Pre-pandemic estimates indicated an increase in online sales to PLN 70 billion, which would be an impressive result, compared to 2019 ‘only’ 50 billion. So, year to year, a real increase may amount to 100% instead of 40% estimated previously.
The question is – how to cut the biggest piece of this e-commerce cake (or rather, given the crazy pace of the process – yeast dough)? The question is not at all unfounded – according to the Domodi report, as many as 46% of local online stores owners were affected negatively by pandemic, and only 18% benefited from the current situation. As you can see, the estimated doubling of industry turnover does not mean that the industry is out of the woods, and the future is bright.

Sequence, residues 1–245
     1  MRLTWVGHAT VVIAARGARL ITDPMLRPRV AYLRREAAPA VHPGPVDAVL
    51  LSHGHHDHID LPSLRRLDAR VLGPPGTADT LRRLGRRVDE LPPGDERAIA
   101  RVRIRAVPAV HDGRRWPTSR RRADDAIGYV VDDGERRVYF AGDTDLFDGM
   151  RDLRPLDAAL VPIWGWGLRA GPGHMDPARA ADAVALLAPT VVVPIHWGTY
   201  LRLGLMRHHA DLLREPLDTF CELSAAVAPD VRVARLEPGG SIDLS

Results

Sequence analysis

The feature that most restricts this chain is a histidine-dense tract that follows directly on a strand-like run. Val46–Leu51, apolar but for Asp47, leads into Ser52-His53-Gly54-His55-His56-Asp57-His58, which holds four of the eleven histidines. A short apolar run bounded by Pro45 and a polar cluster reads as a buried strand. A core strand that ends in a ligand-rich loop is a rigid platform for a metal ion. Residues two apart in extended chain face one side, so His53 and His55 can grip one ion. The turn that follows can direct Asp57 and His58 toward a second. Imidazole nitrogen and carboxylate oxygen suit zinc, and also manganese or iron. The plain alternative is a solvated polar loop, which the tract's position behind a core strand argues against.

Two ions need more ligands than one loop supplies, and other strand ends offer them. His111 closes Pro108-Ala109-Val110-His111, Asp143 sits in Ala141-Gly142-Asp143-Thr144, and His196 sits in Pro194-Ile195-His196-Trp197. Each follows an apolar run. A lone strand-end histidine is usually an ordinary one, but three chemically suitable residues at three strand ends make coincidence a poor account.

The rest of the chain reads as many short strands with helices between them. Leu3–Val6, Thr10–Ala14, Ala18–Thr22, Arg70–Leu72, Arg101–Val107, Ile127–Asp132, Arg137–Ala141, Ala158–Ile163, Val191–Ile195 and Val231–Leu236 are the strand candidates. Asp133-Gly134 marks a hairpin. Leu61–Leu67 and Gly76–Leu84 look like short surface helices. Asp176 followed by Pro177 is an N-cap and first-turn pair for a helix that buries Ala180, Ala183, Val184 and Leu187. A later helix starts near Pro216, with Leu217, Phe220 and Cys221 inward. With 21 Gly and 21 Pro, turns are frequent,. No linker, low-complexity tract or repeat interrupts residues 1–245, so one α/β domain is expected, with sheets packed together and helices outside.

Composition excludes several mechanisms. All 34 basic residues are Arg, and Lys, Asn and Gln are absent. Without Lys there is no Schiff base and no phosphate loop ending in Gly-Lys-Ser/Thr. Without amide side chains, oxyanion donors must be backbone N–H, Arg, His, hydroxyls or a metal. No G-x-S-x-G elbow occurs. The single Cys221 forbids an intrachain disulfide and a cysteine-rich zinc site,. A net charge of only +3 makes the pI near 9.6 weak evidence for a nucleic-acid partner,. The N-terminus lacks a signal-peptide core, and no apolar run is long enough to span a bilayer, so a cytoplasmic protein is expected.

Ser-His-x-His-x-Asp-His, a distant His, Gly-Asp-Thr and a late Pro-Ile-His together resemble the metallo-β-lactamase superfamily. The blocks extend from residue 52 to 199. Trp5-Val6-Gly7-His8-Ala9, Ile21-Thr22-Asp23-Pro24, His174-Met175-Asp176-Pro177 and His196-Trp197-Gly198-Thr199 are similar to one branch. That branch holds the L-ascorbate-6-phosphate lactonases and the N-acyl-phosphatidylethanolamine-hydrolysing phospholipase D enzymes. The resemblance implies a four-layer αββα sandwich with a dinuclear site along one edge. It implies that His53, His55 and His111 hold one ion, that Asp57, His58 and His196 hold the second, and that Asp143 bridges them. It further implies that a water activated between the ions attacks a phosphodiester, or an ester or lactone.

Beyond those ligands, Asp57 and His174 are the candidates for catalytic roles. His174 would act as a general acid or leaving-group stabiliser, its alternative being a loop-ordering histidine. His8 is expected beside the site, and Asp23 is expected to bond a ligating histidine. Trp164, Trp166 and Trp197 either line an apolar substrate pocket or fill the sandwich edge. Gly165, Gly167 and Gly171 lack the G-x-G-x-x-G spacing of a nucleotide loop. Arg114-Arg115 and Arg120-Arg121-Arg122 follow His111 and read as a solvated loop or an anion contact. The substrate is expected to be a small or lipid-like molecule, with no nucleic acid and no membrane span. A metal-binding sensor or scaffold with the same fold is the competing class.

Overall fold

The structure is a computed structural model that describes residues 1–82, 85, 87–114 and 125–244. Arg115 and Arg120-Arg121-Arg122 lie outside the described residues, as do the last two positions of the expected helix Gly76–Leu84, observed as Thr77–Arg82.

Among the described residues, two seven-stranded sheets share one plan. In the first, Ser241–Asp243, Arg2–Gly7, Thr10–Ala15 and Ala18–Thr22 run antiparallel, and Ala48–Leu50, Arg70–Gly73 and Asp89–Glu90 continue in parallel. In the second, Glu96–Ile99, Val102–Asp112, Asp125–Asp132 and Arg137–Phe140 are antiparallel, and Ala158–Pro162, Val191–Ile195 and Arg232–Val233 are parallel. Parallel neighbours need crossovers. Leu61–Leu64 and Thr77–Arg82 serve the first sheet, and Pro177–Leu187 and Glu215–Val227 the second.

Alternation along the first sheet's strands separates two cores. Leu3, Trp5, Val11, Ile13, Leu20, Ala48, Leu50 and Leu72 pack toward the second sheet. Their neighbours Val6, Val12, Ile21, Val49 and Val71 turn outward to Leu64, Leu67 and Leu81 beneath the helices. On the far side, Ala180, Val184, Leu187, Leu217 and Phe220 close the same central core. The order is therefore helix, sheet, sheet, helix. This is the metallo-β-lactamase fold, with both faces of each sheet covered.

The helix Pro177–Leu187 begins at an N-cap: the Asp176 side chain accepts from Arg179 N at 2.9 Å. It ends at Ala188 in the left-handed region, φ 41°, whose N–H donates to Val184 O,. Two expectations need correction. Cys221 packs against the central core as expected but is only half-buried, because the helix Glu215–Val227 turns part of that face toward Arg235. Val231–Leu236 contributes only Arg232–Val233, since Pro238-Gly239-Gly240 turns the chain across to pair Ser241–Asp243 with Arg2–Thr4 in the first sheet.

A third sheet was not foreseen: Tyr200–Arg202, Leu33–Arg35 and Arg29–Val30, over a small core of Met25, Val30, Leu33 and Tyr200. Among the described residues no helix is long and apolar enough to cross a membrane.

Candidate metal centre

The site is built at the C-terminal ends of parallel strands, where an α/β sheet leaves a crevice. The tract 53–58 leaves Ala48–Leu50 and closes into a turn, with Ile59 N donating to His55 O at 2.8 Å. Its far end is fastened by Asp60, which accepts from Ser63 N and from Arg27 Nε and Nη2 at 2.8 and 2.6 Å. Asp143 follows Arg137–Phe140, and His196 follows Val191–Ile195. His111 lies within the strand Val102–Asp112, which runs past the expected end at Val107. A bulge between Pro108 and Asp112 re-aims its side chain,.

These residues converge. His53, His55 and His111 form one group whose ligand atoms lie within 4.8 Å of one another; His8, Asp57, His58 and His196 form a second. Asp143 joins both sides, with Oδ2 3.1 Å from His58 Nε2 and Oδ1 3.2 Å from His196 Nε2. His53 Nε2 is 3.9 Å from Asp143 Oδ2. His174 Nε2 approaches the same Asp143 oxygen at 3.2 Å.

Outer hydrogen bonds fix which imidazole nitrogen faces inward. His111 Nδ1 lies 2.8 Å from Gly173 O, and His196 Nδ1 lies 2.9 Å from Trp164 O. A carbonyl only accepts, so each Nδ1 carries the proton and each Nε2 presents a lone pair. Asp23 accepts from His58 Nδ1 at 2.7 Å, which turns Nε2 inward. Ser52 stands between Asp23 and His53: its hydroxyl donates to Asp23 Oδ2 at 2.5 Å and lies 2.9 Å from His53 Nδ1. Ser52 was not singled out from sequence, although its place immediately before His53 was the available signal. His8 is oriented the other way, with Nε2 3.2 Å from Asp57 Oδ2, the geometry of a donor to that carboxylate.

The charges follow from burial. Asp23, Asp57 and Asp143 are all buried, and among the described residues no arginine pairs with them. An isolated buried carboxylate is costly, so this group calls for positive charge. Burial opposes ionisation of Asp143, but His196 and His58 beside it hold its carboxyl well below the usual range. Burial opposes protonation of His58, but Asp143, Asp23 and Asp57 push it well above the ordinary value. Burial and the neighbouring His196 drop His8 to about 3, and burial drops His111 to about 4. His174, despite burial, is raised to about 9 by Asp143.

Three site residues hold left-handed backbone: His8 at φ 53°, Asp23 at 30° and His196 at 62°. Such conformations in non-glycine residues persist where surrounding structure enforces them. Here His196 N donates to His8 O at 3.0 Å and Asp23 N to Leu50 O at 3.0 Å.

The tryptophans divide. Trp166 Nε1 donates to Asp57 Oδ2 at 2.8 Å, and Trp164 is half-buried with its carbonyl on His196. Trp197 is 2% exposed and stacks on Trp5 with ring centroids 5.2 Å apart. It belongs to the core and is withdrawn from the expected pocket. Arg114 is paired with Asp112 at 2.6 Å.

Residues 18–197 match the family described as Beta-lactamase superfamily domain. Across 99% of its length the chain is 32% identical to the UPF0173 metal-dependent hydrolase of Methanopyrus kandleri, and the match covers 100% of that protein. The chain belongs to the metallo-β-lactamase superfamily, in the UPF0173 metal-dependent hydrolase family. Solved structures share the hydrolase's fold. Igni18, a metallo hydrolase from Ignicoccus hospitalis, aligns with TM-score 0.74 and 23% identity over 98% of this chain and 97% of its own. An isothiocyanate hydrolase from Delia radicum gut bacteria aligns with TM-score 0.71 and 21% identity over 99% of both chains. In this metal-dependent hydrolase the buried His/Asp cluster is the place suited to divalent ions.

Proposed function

The answer is, of course, providing a positive shopping experience. The fact that the pandemic turned out to be a catalyst for digitization for many people was a real disaster for e-commerce. According to the Catchers agency study, every third respondent admitted that at the beginning of the pandemic, he/she used e-commerce more often than before, and 6% did their first online shopping. The problem is that during this crazy period, it was challenging to ensure a maximum of positive shopping experience. Almost every fourth person making online purchases was dissatisfied, and every fifth was unable to rate the experience. It may mean that these customers will not be coming back. Undoubtedly, the most significant challenges were the extended delivery times, incomplete orders and various difficulties with customer service. And while the situation is slowly returning to normal, regaining trust won’t be easy. It is still worth trying. Just like Frisco.pl, an online store that during the lockdown, struggled with excess demand versus logistic capabilities. Now, the company ensures that waiting time is over, and products can be delivered the same day.